A Democratic ad in Pennsylvania’s 7th House District similarly asserted that a GOP candidate “took over $5 million from taxpayers that was meant to save American jobs and opened a new plant in China after closing a factory here.”

In the hotly contested Ohio Senate race, Democrat Tim Ryan called his opponent J.D. Vance “a fraud” who “invested in an app selling our farmland to Chinese citizens” and got rich “trashing Ohioans while investing in companies that send jobs to China.”

This brand of anti-elitism is rarely subtle, as in one Democratic ad in New York’s 22nd House District, which mentioned that the Republican “Wall Street banker” candidate owns a truffle farm. After implying that truffles are a foreign oddity to blue-collar Americans, a voiceover proclaimed, “It’s not surprising that his family invested in a company that shipped our jobs to China” and that “he did business with a company tied to the Chinese government.”

Some of these messages exposed intra-party power struggles. Within the GOP, a “tough on China” posture often served to align a candidate with the working-class populism of the party’s Trump wing. In the Wisconsin GOP gubernatorial primary, a Tim Michels ad called opponent Rebecca Kleefisch “the pro-China, pro-amnesty, anti-Trump politician” and an “insider” who “went to China to sell out Wisconsin workers.” In the Georgia GOP primary, one ad declared that “millionaire David Perdue got rich sending jobs to China.” (And in case anyone missed the point, a Trump voiceover drove it home: “We have to stop our jobs from being stolen from us.”) One PAC ad even pronounced Arizona Senate primary candidate Jim Lamon to be “morally bankrupt” and “China’s senator” because while “Uyghurs are brutalized in communist camps,” Lamon’s business “partnered with companies exploiting Uyghur labor.”

In the Pennsylvania Senate race, the top two Republicans accused each other of weakness on China. Dave McCormick showed a series of voters (or actors) testifying that Mehmet Oz is “not a conservative,” is “totally wrong on guns,” and is “pro-China.” Oz’s response proclaimed, “First China sent us COVID. Then David McCormick’s hedge fund gave Chinese companies billions.” Amid images of Xi Jinping and COVID lockdowns, the ad concluded, “We got sick, China got investments, and David McCormick got rich.”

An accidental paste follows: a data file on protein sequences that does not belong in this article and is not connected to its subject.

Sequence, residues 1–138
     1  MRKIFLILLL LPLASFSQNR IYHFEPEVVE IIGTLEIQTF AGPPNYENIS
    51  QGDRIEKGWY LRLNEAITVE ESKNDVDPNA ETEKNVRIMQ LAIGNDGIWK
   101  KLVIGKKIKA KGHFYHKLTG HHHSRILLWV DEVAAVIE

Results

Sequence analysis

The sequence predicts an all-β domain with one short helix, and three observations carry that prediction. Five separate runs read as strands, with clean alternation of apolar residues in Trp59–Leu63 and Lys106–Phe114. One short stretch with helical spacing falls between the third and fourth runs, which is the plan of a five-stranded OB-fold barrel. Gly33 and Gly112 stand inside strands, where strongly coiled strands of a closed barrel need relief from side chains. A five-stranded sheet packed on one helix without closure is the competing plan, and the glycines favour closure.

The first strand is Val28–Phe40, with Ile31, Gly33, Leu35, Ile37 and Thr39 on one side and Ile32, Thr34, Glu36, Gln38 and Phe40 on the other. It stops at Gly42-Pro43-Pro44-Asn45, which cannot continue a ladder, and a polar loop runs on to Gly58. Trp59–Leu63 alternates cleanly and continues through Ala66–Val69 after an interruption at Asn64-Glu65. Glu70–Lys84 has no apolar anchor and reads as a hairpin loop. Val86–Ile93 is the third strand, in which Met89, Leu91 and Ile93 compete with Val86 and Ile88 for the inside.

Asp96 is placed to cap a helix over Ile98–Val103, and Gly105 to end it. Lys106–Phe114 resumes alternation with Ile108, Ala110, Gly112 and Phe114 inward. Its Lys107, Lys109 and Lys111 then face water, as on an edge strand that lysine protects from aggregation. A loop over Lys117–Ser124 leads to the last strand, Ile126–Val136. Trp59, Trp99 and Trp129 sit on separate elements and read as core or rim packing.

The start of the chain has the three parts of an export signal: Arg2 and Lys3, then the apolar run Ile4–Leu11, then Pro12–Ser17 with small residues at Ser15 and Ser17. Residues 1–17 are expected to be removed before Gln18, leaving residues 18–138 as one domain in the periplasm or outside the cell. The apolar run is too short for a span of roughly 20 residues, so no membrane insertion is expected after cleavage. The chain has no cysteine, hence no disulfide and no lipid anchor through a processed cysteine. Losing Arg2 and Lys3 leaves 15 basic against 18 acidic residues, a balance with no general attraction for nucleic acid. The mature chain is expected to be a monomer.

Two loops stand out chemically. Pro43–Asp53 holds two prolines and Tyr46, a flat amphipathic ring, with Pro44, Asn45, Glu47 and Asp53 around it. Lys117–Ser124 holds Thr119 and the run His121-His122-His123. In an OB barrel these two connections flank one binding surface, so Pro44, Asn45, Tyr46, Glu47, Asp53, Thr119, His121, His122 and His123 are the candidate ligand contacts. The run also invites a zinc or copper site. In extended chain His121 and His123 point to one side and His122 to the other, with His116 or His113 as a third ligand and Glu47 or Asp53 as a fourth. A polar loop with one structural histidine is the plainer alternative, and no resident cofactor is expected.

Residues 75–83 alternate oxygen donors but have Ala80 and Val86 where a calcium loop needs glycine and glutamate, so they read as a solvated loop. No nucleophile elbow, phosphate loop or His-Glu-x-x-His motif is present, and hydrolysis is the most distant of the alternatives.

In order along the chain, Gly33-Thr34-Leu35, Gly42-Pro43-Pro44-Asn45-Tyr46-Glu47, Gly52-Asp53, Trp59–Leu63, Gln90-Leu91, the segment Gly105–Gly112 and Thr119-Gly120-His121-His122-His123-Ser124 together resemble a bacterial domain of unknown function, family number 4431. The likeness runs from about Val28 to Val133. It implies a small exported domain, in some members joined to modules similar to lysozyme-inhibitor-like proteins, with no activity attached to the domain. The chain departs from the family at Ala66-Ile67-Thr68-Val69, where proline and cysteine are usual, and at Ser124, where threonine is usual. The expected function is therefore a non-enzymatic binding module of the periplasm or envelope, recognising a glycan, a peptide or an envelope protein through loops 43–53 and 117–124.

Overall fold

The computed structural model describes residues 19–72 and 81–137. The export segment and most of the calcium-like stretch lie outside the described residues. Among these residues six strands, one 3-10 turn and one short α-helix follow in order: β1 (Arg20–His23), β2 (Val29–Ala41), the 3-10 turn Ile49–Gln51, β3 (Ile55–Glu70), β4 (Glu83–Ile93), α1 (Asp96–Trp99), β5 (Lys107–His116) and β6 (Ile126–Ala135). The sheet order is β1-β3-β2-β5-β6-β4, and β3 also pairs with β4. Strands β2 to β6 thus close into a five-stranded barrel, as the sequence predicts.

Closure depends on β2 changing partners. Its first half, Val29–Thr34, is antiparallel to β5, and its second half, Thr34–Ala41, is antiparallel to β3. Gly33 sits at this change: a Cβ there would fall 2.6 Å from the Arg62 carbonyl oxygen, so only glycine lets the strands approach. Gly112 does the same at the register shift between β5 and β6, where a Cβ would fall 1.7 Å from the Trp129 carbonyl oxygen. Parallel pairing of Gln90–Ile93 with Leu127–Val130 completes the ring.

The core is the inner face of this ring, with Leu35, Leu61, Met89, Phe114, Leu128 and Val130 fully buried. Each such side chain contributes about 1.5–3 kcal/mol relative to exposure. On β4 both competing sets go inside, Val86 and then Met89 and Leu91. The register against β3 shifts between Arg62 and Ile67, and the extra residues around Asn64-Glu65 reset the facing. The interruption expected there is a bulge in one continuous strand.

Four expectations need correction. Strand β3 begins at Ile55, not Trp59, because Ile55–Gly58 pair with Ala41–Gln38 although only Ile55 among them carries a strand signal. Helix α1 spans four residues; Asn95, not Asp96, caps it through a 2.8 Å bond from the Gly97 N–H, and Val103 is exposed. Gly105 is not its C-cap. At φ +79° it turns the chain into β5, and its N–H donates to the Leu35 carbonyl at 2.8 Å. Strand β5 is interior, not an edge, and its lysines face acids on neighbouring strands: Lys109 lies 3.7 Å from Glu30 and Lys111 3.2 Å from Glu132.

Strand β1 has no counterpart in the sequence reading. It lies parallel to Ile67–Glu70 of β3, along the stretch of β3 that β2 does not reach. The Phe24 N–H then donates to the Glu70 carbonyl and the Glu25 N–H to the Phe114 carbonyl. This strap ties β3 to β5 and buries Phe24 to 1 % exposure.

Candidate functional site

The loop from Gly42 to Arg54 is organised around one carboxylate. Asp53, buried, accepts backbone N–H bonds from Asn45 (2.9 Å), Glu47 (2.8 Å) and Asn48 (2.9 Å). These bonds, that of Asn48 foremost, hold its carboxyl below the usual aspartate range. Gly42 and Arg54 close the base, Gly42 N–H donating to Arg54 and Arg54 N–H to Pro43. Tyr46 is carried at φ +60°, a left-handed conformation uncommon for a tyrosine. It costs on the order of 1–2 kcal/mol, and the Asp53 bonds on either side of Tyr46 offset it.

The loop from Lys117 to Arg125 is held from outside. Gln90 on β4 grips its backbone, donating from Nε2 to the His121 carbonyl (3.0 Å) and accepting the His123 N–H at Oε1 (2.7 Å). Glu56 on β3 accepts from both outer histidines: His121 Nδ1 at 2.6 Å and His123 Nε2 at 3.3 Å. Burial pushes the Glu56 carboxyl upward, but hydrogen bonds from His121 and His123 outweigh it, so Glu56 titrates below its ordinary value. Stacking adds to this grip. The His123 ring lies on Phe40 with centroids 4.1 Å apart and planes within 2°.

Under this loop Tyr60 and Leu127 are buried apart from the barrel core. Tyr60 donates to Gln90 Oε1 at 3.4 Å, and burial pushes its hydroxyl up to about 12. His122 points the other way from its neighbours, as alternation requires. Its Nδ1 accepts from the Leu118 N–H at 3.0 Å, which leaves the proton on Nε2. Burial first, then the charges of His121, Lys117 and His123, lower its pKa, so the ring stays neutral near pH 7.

On the Democratic side, a few candidates invoked China to distance themselves from President Joe Biden or the party’s progressive wing. An ad for Representative Marcy Kaptur (D-OH) contended that “Joe Biden’s letting Ohio solar manufacturers be undercut by China,” but Kaptur “doesn’t work for Joe Biden, she works for you.”

Another common premise in midterm attack ads was that weak candidates were being “played by China.” One PAC ad employed a Chinese flag-themed chessboard to underscore that Wisconsin Republican Rebecca Kleefisch is a “pawn” of China – “easy to co-opt, too weak to lead.” A voiceover insisted that Kleefisch has been “getting played” and “used by China” ever since she returned from a Communist Party junket “spouting Chinese propaganda.”

An ad in the North Carolina Senate race declared that “China made a fool of [Republican candidate] Pat McCrory,” as he awarded millions in taxpayer subsidies “to a company owned by the Chinese Communist Party” and “used slush funds to subsidize China’s communist government, the government that’s been stealing our technology and waging economic war against America.”

A Democratic PAC in the Wisconsin Senate race even blamed China for America’s high inflation, asserting that prices have risen “because America is too dependent on China.” The ad implores GOP Senator Ron Johnson to “stop making it easier on China and tougher on us.”

Did this messaging make any difference in the midterms? There is little proof that political ads can tilt an election. However, campaign symbols certainly offer some clues to the political culture of the day. Considering the breadth and depth of the bipartisan Washington consensus on China, it seems safe to assume that congressional and presidential candidates will revive many of these themes in 2024.